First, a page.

A judge in Park County ordered a highly visible—and controversial—roadside display of flags and other materials to be cleaned up, giving county officials ten days to remove what the court found in a jury trial to be “rubbish.”
The display in question belongs to Steve Bedigian, who’s owned the approximately 5-acre parcel along highway 24 in the Hartsel, Colorado area for decades.
District Court Judge Stephen Groome approved a request for a warrant to seize and remove the offending property from Bedigian’s land, which will also allow the county to bill Bedigian for the costs incurred.
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Bedigian risks the potential of losing his land if he can’t cover those costs as well as significant court fees. Despite that, he rejected an earlier offer from the county to clean up his parcel free-of-charge.
On the property is a collection of dozens of American flags in various states of repair, which Bedigian intends to be part of an art installation he refers to in the shorthand as “Sgt. Mike’s,” in honor of his late father, a veteran.
In addition to that, the county took issue with an assortment self-made wooden structures, water heaters, furniture and other items which are visible for miles in the center of a rural high-altitude valley.
What he argued was artistic was seen as an eyesore by some of his neighbors, many of whom are offended by the tattered flags hung and draped in various positions that they view as disrespectful.
The county didn’t center its legal arguments around the abuse of the flag, but rather an ordinance that prevents people from accumulating rubbish on residential-zoned parcels like Bedigian’s.
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Reached on the phone after the judge’s order was issued Thursday, Bedigian said it was the first he’d heard of that the county had filed a motion seeking the clean-up warrant.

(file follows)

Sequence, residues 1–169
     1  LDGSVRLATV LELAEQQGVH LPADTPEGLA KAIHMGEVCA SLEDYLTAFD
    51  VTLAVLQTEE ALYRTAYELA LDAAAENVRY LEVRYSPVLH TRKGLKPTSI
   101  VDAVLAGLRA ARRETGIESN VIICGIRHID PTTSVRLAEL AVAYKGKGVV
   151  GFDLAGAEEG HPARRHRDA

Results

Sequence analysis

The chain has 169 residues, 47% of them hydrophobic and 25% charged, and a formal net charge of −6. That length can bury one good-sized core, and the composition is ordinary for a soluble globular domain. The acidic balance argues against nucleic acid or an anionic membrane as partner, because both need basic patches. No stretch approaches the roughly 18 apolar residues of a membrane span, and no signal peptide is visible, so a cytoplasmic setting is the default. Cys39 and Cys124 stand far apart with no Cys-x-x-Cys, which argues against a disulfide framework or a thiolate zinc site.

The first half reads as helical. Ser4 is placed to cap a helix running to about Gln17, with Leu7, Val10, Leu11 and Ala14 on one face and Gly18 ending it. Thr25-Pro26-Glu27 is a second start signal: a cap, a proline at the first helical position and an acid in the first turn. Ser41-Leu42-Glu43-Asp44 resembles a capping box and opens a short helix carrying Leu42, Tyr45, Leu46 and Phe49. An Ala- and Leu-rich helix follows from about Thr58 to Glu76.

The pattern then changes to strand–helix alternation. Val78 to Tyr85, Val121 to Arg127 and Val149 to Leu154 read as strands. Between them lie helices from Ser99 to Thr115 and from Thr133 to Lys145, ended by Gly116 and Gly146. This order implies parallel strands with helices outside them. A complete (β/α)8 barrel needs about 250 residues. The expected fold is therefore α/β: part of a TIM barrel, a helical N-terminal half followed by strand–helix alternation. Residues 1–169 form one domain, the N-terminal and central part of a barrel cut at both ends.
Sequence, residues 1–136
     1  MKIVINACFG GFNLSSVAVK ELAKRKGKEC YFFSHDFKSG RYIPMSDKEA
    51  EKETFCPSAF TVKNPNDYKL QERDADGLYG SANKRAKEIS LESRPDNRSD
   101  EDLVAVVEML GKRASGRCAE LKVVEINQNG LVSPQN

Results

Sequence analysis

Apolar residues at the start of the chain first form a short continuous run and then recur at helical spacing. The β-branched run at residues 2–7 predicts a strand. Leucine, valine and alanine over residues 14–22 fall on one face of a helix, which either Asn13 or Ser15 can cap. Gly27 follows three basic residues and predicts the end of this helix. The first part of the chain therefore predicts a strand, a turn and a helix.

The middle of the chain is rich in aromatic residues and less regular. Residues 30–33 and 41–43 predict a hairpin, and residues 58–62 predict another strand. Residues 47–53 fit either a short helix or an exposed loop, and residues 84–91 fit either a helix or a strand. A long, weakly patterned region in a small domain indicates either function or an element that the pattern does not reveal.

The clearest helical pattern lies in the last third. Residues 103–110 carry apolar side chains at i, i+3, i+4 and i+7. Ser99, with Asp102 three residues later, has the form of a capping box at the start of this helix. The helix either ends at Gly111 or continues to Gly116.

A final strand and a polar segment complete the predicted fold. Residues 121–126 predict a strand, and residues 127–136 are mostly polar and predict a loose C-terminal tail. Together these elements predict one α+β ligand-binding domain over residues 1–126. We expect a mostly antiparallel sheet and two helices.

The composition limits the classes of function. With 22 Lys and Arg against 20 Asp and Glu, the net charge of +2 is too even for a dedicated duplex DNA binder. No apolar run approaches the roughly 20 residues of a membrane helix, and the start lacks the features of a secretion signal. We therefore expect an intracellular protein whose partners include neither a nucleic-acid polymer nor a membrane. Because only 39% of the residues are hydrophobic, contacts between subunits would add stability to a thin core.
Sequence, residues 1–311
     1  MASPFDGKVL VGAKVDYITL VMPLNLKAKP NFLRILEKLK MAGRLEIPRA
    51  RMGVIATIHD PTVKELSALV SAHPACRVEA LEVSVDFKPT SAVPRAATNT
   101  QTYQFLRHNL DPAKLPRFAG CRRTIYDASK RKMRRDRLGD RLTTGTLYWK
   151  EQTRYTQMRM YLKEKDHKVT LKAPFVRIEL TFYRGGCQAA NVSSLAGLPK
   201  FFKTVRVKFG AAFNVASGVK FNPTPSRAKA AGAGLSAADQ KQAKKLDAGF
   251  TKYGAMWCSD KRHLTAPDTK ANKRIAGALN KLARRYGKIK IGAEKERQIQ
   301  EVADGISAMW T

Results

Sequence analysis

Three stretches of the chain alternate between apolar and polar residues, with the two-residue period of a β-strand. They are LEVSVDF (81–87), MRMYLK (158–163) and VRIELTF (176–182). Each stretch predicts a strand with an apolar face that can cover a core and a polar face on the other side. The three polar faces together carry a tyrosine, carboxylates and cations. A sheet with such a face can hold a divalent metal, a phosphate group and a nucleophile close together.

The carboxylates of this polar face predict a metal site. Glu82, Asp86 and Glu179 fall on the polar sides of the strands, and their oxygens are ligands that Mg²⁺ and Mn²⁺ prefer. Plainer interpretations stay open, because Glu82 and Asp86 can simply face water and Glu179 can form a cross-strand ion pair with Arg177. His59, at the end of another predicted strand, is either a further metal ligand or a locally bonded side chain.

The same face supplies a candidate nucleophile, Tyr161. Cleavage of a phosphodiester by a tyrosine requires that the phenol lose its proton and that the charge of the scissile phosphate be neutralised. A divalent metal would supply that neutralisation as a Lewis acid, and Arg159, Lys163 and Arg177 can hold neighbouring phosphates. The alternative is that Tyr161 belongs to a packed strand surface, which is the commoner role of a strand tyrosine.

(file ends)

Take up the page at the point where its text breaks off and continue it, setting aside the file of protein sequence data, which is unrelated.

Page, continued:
“I’ve not received any motion and I’ve been checking my mail,” Bedigian said. “That’s why I’ve made no response.”
He told 9NEWS he intends to file a response now in Judge Groome’s court disputing the ruling.
Bedigian represented himself in court and has not filed any sort of appeal of the jury verdict against him, which he argues was unjust.
Rather than spend his time attempting to appeal without a lawyer, he said he’s tried to comply with the court ruling by repurposing the material.
“I took all of this material and used it to build a whimsical, utilitarian fence,” Bedigian said. “It is code compliant.”
County attorney Lee Phillips previously told 9NEWS that the fence isn’t compliant either. Bedigian disputes this, pointing to testimony from a code enforcer that the county doesn’t have restrictions on the materials that can be used on short fences aside from razor wire.
“In another three days, there’ll be no more material on the ground,” Bedigian said.
While the warrant specifies a 10-day timeframe, the county has not said when it plans to come in to clean the material from the land.
He reaffirmed to 9NEWS that he will not act with violence toward code enforcers who come to take material from his land, though he did say he planned to sue the county for $10 million if the county does so.
Bedigian said he won’t stop working on his artistic plans even if the county removes his display. He said he has plans build a lighted flag display on a nearby hilltop that sits on another 5-acre parcel he owns.